HTC’s newest Android smartphone for Verizon Wireless has all the qualities of a superstar superphone: fast processor, fast network, and a big display. It’s lightweight, well-designed, feels good in the hand, and has a kickin’ audio system that makes it good enough to be your only MP3 player.
This is nothing new from HTC. Though some of you Thunderbolt owners out there may feel burned, the company usually delivers quality phones that have all the features you could ask for. The Rezound is pretty much the Thunderbolt with a dual-core processor and better audio.
Let’s hope it hasn’t inherited the problematic battery life or the buggy software issues many have experienced with the Thunderbolt.
The Rezound is nice and lightweight and, as usual with HTC devices, feels good in the hand due to the curved and comfortable edges. A soft-touch back adds to its holdability.
I’m a fan of the design’s red accents as well, especially the lights under the buttons on the front.
I’m not a fan of the fact that Verizon still insists on pre-loading the Blockbuster app no one uses on their smartphones. Otherwise the crapware seems to be at a minimum, but still, ditch Blockbuster please.
But the real star feature of the Rezound is the integration of Beats Audio, which enhances audio beyond most phones and MP3 players. I only got to listen to a few songs during my hands-on time, but I will say that audio is definitely a cut above most phones I’ve tested, including the iPhone and the Thunderbolt. I could hear multiple layers of audio and both vocals and instruments had a beautiful clarity. It’s comparable to the Sony Walkman MP3 players I use, which don’t get much love from tech blogs but have superior audio.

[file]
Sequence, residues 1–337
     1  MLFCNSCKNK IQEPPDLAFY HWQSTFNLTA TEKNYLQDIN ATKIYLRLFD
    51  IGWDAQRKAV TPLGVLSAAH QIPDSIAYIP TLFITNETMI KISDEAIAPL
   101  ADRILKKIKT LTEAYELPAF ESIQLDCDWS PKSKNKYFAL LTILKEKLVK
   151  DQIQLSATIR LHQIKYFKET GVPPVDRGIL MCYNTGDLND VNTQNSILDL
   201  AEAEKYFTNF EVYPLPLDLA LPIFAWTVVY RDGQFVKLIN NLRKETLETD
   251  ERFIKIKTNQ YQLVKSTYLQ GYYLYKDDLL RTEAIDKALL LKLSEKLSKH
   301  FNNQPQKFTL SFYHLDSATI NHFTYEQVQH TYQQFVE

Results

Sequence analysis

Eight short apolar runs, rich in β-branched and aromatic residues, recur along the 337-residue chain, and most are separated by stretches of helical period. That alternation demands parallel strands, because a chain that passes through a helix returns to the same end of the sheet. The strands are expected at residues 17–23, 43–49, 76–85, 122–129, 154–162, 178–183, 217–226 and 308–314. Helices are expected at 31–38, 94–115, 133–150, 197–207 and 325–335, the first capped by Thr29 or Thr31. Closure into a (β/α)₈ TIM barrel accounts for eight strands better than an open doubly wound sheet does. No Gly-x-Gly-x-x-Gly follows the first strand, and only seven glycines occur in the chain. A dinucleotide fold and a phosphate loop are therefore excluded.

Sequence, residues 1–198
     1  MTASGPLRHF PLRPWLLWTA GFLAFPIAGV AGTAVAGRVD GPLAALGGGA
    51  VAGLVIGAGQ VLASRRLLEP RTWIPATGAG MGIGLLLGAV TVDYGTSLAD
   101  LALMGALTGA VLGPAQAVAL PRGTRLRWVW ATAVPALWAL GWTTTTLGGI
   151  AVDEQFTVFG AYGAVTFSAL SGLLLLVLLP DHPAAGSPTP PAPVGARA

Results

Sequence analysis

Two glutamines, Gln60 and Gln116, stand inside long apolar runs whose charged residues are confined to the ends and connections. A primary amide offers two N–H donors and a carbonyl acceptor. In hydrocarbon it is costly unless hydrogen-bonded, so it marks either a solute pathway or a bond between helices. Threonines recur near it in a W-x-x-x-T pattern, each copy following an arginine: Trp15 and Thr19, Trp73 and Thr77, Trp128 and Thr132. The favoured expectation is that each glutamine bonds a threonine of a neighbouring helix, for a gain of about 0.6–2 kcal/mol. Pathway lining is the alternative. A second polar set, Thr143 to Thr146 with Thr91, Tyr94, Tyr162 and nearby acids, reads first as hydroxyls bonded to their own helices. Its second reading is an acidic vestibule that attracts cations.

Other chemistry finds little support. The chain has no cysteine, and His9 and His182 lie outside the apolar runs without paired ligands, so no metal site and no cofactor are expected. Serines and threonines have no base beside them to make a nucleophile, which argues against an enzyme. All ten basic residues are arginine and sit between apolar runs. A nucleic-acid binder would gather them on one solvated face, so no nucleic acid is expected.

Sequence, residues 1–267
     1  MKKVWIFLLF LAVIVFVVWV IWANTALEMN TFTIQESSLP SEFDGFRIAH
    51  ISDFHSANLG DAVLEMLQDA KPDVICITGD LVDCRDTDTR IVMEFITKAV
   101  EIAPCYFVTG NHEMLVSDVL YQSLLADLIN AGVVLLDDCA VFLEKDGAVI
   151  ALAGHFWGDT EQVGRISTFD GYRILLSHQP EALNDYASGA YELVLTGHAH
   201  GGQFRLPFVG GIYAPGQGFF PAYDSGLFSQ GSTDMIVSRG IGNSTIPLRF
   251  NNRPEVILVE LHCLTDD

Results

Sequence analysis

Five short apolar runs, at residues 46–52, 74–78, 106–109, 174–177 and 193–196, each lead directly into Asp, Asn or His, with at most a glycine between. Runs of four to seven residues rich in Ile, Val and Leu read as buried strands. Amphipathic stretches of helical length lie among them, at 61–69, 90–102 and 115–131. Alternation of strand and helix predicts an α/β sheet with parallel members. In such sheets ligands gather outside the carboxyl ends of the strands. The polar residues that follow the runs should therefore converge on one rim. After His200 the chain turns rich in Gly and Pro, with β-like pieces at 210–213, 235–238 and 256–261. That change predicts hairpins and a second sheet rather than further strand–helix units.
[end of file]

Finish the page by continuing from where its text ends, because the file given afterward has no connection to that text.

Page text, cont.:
However, there is more to using your phone as your primary MP3 player than just the audio quality. For one, there are no buttons on the phone for controlling audio, which can be a pain. Thankfully, the included headphones do have play controls on the cord, but what if you lose/break them or prefer over-ear headphones or (heaven forbid) something better than Beats headphones?
Some music playing apps have lock screen widgets and some don’t (Google Music, I’m looking at you). The convenience of dedicated buttons is one of the reasons people still stick with MP3 players.
Another reason is that smartphones already use up battery life just sitting in your pocket. Listening to music is a significant drain. And given that this phone has a 4G LTE radio, it will have it’s hands full from go. I have to charge my MP3 player once a week even with heavy use. Can’t say the same for a phone.
Even though the Rezound’s audio oomph might not be the draw HP and Dr. Dre hope it will be, that doesn’t mean it’s not going to do well. As I said, it has all the qualities of a sweet phone. Plus, I’m a big fan of the enhancements HTC Sense 3.5 brings to the table.
That $299 price tag is probably more of a barrier than anything else. Once we get this in for review we’ll see if it’s worth that premium.